In psoriasis, new cells build up in the top layer of your skin. They grow faster than your body can remove, or shed, them. Blood vessels below become swollen. This causes thick, red patches, or plaques. What they look and feel like depends on what type of psoriasis you have. Doctors aren't sure what causes it. They think problems with genes and the immune system play a role.
This is the most common type. Patches of skin are red, raised and have silvery-white flakes, called scales. They usually show up on your scalp, elbows, knees, and lower back. They may crack and bleed and they feel sore and itchy. The more you scratch, the thicker they can get. A patch can be as wide as 4 inches; sometimes more. You can get it at any age, but it's more common in adults.
About half the people with psoriasis have this type. It looks like dandruff, but it's not the same thing. Dandruff flakes are yellow and greasy. Scalp psoriasis is powdery and silver or white. Sometimes, the skin on the scalp is just a little bit crusty or flaky. This type can cover the whole head. It can also appear on your forehead, the back of your neck, and around your ears.
Kids and young adults are more likely to get this type. Small red dots with raised edges appear suddenly, usually on the middle of your body. Other common sites are the arms, legs, scalp, ears, and face. Things that trigger this kind of psoriasis include strep throat, the flu, a cold, and other upper respiratory infections. About 1 in 10 people with psoriasis has it.
These patches are shiny, bright red, and very sore. The area around them is usually smooth and doesn’t have silver scales. They appear only where skin touches skin, places called folds. Common areas are the armpits, groin, genitals, buttocks, under the breasts, and behind the knee. Rubbing and sweating can make the condition worse. Many people who have it also have another type of psoriasis.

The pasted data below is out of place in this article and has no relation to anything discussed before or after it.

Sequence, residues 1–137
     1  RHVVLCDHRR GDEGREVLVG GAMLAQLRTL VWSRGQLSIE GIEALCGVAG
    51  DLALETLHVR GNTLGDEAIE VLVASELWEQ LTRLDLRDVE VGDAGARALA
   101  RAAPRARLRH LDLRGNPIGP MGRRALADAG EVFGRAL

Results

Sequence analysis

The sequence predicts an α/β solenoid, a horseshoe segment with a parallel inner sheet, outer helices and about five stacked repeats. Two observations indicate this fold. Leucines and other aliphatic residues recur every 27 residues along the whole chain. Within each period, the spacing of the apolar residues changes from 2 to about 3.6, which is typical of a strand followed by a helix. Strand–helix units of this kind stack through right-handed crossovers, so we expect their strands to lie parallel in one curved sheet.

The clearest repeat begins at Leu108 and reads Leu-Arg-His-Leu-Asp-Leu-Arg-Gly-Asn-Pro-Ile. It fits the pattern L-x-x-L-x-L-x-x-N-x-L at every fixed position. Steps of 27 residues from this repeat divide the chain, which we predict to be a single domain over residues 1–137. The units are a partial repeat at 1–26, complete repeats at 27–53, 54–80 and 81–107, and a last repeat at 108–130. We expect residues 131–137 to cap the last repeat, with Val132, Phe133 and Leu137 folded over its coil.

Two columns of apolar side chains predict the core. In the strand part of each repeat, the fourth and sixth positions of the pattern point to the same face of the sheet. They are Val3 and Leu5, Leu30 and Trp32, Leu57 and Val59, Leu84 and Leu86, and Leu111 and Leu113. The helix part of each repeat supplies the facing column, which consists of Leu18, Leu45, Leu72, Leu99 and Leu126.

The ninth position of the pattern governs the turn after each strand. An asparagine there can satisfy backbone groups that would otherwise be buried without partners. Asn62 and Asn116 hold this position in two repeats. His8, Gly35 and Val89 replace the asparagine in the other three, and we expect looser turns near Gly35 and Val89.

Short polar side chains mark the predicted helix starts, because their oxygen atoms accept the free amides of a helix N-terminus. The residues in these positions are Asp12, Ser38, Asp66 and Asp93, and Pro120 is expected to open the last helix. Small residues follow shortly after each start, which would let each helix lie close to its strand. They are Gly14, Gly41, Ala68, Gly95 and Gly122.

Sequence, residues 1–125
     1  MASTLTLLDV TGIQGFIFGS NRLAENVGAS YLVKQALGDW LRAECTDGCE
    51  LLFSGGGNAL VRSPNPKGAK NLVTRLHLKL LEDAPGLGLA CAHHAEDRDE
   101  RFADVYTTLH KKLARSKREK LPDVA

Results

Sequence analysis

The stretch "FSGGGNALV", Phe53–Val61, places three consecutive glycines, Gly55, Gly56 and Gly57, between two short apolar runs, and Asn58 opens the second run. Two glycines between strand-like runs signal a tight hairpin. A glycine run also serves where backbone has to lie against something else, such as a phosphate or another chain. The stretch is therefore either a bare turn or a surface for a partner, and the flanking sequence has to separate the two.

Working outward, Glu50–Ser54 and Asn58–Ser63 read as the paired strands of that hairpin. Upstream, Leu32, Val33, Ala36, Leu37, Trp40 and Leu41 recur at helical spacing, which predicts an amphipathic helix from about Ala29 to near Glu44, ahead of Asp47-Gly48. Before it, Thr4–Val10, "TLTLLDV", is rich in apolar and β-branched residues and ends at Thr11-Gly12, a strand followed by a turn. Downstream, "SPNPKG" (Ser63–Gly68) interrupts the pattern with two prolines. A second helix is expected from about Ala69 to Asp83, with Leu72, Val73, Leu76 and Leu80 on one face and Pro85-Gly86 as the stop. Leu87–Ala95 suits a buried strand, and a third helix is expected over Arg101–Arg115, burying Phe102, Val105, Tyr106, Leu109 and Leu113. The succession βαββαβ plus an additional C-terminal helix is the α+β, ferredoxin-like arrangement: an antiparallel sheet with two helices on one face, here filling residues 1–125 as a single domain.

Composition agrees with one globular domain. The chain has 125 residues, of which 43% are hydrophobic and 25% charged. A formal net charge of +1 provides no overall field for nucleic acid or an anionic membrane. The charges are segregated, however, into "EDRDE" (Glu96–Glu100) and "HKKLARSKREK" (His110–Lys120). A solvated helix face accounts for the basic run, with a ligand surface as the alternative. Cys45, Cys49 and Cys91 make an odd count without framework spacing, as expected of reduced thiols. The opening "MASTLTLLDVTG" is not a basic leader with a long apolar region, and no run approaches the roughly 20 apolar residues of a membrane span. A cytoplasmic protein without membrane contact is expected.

This rare type might be a reaction to an infection, stress, medications, or contact with certain chemicals. It causes red, swollen patches of skin with pus-filled bumps (called pustules). When these dry out, they turn yellow-brown and scaly. It usually shows up on the palms of your hands or the bottoms of your feet. The blisters may break open, leaving skin cracked and painful.
Pustular Psoriasis: Emergency Symptoms
This type can sometimes be life-threatening. Go to the hospital immediately if the bumps spread quickly all over your body. Other emergency symptoms are severe itching, rapid pulse, fever, muscle weakness, and chills. Doctors call this sudden form the von Zumbusch variant.
Erythrodermic, or Exfoliative
This rare form causes large areas of skin to turn bright red, like a bad sunburn, then fall off your body. Symptoms include extremely itchy and painful skin, rapid heartbeat and feeling very cold or hot. It's life-threatening, so go to the hospital. Causes include medications like corticosteroids, or untreated plaque psoriasis. It also affects people with von Zumbusch pustular psoriasis.
Psoriatic Nail Disease
About half of people with psoriasis also have skin cells build up under their nails, which become thick. They often split or crack. In severe cases, they could crumble or fall off. There may be brownish red or yellow spots underneath. Sometimes, the surface has tiny dents in it, like pin pricks. When they lift off the skin underneath (the nail bed), it's called onycholysis.
About one-third of people with psoriasis have joint pain, stiffness, and swelling. When both these problems show up, it's called psoriatic arthritis or psoriatic disease. The symptoms don't have to happen at the same time. Dry, red skin patches with silvery scales usually come first, but not always. Nail crumbling and color changes are common in people with this condition.
Feldman, S. UpToDate, January 30, 2015.
Kalb, E. UpToDate, May 27, 2014.
National Psoriasis Foundation: "About Psoriasis."
National Psoriasis Foundation: "Erythrodermic Psoriasis."
National Psoriasis Foundation: "Managing nail psoriasis."
National Psoriasis Foundation website: "Scalp Psoriasis."
National Institute of Arthritis and Musculoskeletal and Skin Diseases: "Questions and Answers about Psoriasis."
American Academy of Dermatology website: "Psoriasis."